Unfollow by Megan Phelps-Roper

Reviewed by Patricia Simms-Reeve

Unfollow chronicles Megan Phelps-Roper’s difficult struggle to leave the extremist Westboro Baptist Church, Kansas, in order to live in the world beyond. In the process, she provides a starkly honest, uncompromising examination of life in the confines of the small community.

From the age of five, she joined the family of ten siblings, parents and grandparents picketing any “sinful” businesses or activities. There was a wide range of these, but dominated by a violent hatred of gays and suspected homosexuals. “God hates Gays” was their mantra.

Any group that the Westboro clan considered was contravening their selected Bible teachings was targeted.

Swept along in the joyful fervour of this, Megan was an ardent participant all through her childhood. She considers it to be happy – respectful parents, though prone to tempestuous rages, tyrannical grandfather to be feared and followed unquestionably.  It is surprising to learn she endured this until her 26th year.

Meeting church members from outside the family, Dustin and Lindsey, who had travelled and enjoyed living in the wider world, makes a niggling longing begin. Conversations with them exposes to both Megan and her sister, Grace, the fact that there is much to be explored beyond Westboro.

The book is not an unrelieved account of a bizarre cult/religion. The grandfather, for example, is a complex character. Initially a bullying tyrant, his image alters when Megan relates his untiring battle to defend the rights of black Americans. In Kansas, this further reduced his popularity. Some admired him for this, others sent death threats. He relished his fight against society’s two main evils – black slavery and white supremacy.

On the other hand, his extremist views can be summarised in his slogan: “a little’s good but a lot is better”

With the rise of the Internet, rantings had a new platform. The church’s antics became notorious internationally. The U.K., France, Australia and Germany investigated them. HBO made a series, Michael Moore a documentary.  Sweden was vilified.

Megan knew her first loyalty was to the church NOT the truth. However, the brutal beatings from Grandfather and her mother bred thoughts of how their beliefs were drowning logic and rational argument.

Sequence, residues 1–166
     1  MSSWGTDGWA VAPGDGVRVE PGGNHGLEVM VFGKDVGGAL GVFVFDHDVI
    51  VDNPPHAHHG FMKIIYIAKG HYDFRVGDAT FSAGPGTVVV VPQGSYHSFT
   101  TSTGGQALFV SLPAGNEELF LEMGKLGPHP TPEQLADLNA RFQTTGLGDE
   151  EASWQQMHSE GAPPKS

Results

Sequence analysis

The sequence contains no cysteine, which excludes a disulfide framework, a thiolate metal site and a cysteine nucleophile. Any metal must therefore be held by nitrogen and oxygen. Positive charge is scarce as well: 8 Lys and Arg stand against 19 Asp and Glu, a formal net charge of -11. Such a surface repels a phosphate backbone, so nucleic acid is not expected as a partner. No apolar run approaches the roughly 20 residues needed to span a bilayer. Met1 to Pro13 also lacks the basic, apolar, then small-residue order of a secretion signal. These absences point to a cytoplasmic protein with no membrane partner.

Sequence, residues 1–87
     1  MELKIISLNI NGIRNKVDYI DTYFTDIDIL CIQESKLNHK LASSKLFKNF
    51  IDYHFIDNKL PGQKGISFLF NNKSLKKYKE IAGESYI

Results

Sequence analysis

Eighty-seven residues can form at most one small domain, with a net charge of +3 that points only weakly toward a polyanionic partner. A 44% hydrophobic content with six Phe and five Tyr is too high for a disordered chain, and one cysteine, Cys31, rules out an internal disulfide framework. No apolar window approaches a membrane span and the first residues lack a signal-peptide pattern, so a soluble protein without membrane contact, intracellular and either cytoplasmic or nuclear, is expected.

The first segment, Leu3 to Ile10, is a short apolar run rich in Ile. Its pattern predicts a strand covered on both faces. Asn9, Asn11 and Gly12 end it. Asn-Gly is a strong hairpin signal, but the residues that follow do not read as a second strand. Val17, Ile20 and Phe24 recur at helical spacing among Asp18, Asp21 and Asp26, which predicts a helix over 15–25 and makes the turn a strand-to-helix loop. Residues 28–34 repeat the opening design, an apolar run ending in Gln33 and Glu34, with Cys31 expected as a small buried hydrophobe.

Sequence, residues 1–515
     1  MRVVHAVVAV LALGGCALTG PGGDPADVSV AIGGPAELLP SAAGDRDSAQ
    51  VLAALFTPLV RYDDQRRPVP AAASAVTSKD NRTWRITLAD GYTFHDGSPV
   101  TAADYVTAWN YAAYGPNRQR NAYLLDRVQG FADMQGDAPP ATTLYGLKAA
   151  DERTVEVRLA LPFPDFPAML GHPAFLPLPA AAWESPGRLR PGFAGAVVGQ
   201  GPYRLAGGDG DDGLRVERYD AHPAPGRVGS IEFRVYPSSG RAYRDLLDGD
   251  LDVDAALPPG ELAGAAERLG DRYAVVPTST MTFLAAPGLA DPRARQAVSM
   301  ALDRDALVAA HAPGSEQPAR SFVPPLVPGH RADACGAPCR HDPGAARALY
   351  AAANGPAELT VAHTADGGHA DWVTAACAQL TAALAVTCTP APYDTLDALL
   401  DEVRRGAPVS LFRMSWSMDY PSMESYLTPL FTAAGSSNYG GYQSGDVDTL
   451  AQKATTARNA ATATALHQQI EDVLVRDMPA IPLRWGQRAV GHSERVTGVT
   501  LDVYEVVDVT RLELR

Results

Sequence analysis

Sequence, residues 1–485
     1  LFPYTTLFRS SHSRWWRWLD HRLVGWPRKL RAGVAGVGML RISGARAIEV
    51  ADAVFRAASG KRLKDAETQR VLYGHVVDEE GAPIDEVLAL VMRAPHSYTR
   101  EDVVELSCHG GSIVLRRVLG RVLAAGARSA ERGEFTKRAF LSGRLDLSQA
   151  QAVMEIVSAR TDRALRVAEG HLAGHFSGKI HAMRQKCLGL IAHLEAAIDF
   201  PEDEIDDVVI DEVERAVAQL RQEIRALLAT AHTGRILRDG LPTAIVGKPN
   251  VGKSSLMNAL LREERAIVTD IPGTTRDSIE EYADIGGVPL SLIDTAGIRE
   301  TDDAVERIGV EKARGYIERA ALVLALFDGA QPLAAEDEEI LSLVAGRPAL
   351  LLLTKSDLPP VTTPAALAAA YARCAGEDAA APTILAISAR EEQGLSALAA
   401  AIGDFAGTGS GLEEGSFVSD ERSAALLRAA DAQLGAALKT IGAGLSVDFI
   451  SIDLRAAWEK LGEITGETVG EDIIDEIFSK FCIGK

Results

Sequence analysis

So, behind her long arduous path to freedom from this regime. Sympathetic GG texting her on line began her change of direction.

Then, the Elders’ criticism of her mother sealed her intention.

She had loved her family life but a secret, careful preparation begins.

Megan is spurred on by the egregious picketing of the funerals of returned soldiers from Afghanistan. The cruelty and grief this caused was shameful to her. The heartlessness was a stark illustration of their failure to be even slightly relevant to people’s lives.

As a very young child, she was puzzled by the apparent injustice of the fable of Jacob and Esau. Jacob was beloved by God; Esau was wicked and even before his birth was destined to be thrust into eternal flames. This indicates predestination. Human action is futile. God alone decides the destiny of souls. Repentance did not ensure the sinners’ forgiveness.

On the other hand, the chosen must adhere to the path of righteousness.

Unfollow is a detailed testament as to how people can be caught in the web of excessive prejudice thinly veiled in religious belief. Megan’s account of her struggle to come to terms with what the church, in contrast to the world outside has to offer, become quite tense.

Childhood has drenched them all in anger, hatred and intolerance of groups such as gays. It is a huge mental effort to examine and overcome this.

Books are vital in her realising the fallacy of many of Westboro’s ideas. She devours a range of classics, novels and philosophers’ writings.

Their emotional life was deeply affected when growing up. Engaging or arguing with others tended to erupt into rage and confusion. They sorely lacked the ability to engage with reason and restraint.

There is her joyful discovery that it is possible to have friends with differing opinions. She becomes aware that the “one true way” is not limited to religious circles. It dominates the political scene as well.

Unfollow is quite awe- inspiring. It gives a wide-ranging and moving journey of a young woman rejecting a world reduced to “black and white” and even “calcified positions are not impervious to change”.

Like the much praised Educated, this a story of triumph of the human spirit!





Trade Paperback $32.99       

eBook $14.99



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